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Penguins captain Crosby diagnosed with mumps
By Media Release
National Hockey League

Penguins captain Crosby diagnosed with mumps
Forward Sidney Crosby has contracted the mumps and will not play against the Tampa Bay Lightning on Monday, the Pittsburgh Penguins announced Sunday. Crosby is expected to be through the infectious period of the disease by Monday, according to Penguins team doctor Dharmesh Vyas. He will continue to be monitored daily and could return next week.

Pittsburgh - December 14, 2014 - Forward Sidney Crosby has contracted the mumps and will not play against the Tampa Bay Lightning on Monday, the Pittsburgh Penguins announced Sunday.

Crosby is expected to be through the infectious period of the disease by Monday, according to Penguins team doctor Dharmesh Vyas. He will continue to be monitored daily and could return next week.

"It's a disease that's going throughout the League and you just don't know how far it can spread," Penguins general manager Jim Rutherford said. "We're watching this on a regular basis."

During a game against Carolina Hurricanes on Nov. 28, Crosby sustained an injury to the right side of his neck. He injured a gland and underwent a CT scan, which showed the injury, Vyas said.

The Penguins medical staff tested Crosby for mumps and his results came back negative at that time, Vyas said. Crosby was placed on medications to allow for the swelling to dissipate and once he was taken off of medications, he developed swelling next to the area of his injury.

The medical staff ran a second series of tests, including further CT scans, for mumps. Vyas said that early tests showed there was no indication of an infection and the Penguins continued to monitor him closely, as well as testing all players for mumps.

"Sidney was one of the highest on the team protecting him against the virus," Vyas said. "He had immunizations as well as a booster shot as recently as less than a year ago for the Olympics. He was well protected from his antibody standpoint. He also had no symptoms, such as fever or chills or generalized body aches, but we nevertheless continued to follow him closely."

Crosby underwent another set of tests, which included sending out DNA for Polymerase chain reaction (PCR) testing, which Vyas called a "highly sophisticated test," to the Centers of Disease Control and Prevention (CDC). The Penguins held Crosby out of a game against the Calgary Flames on Friday in anticipation of the test results.

Pittsburgh discovered the test results were positive Saturday night. Crosby has been placed in isolation, Vyas said. He said the CDC recommends five days of isolation before the infectious period is completed.

"Every indication was that he was well protected against the disease," Vyas said. "We had made sure that the whole team was checked. We immunized all of the players and staff who had low titers [a test that measures the level of antibodies in a blood sample] in protection of this. That was done approximately two weeks ago just because of the outbreak of mumps in the NHL.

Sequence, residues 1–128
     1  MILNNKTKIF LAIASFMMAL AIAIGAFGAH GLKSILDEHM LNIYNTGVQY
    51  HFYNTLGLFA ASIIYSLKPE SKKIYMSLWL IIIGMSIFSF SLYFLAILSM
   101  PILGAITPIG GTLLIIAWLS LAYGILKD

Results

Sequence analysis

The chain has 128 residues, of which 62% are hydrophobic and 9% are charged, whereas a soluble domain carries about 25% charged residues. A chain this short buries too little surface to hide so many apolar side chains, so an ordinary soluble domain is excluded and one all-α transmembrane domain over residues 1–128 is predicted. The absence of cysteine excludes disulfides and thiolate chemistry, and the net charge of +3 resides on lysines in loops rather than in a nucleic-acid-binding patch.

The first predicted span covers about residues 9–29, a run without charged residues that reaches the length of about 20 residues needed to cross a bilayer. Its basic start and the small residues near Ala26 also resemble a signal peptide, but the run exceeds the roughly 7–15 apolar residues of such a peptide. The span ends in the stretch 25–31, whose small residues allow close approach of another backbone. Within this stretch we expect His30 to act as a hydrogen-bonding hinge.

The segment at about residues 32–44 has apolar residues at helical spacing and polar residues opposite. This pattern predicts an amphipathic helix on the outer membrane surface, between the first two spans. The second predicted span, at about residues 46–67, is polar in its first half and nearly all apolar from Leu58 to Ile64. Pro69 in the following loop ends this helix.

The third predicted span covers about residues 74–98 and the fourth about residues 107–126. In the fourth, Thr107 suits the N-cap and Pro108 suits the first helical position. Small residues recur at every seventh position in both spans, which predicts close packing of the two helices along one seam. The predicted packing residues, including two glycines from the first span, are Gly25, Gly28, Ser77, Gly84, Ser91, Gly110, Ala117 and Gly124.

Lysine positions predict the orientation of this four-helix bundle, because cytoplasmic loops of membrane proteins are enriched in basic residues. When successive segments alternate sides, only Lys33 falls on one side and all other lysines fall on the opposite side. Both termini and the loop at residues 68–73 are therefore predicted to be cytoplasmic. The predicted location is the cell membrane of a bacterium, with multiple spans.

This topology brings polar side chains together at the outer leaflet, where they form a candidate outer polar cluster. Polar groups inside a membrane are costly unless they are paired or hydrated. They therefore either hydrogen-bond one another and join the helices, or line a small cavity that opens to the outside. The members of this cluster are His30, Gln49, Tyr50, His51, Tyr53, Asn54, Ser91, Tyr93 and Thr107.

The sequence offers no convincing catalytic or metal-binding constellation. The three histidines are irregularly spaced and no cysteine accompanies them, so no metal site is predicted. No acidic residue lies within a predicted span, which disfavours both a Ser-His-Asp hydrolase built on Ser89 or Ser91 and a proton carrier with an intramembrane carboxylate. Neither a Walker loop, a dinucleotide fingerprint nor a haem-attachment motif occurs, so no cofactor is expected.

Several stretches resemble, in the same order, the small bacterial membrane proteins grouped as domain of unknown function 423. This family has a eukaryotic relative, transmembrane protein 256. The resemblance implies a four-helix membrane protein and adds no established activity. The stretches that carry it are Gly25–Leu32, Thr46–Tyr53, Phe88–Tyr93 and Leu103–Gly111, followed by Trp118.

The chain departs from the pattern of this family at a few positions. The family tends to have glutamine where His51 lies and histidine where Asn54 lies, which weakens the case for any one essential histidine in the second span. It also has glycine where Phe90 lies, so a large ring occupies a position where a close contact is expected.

"We're trying to stay ahead of it."

After missing practice Thursday, Crosby participated in the morning skate Friday before the game against the Flames. He said he felt well enough to play following the skate despite facial swelling. Penguins coach Mike Johnston reiterated that Crosby was expected to play Friday during his morning press conference.

A few hours later, Rutherford announced Crosby would sit out the next two games with an undisclosed illness and that he would undergo further testing.

"We can only go by the recommendation from the medical people," Rutherford said. "We're not going to overrule them on anything and quite frankly, that decision was approved, that he could be here and his condition worsened after the skate and that's when I got the call from Dr. Vyas. I think it was like 5:00 in the afternoon and he said that he could play in the game, but there would certainly be some risk.

"At that point, we said we're not going to do that. We're not going to do it not only for our team, but for everybody around and the visiting team."

Rutherford said he was at Consol Energy Center on Friday morning, but had not seen Crosby. Vyas could not confirm whether or not Crosby was contagious during the Friday skate.

"As soon as we have some more information about it, we will notify," Vyas said. "But obviously, we will keep all these things in mind. The fact that a player has been vaccinated, but nevertheless can still contract the virus, so we'll definitely continue to maintain a high level of vigilance on this."

Crosby's DNA sample was sent to the CDC on Friday afternoon, after Pittsburgh's morning skate, Vyas said. Crosby's swelling was something that alerted the medical staff to his potential condition.

"His condition worsened from the day before," Vyas said. "As soon as we noted that, that's when we sent off additional samples. During this whole period, we've had several medical staff involved in his care … Everyone has been evaluated him for this injury, as well as potentially for any disease."

Vyas said the symptoms for mumps are fevers and chills, which Crosby does not have, as well as pain at the site of the infection, body aches, difficulty swallowing and general tiredness. Mumps often develop in each side of the face and Crosby's has developed in only his right side, Vyas said.

Mumps has affected several NHL teams this season, including the Anaheim Ducks, Minnesota Wild, New York Rangers and New Jersey Devils. The Penguins faced the Rangers in Crosby's last game before his diagnosis.

"We've been actually sterilizing our room since the mumps outbreak started in the NHL," Vyas said. "We frequently clean out the rooms and we did again yesterday. We'll do that on a regular basis."

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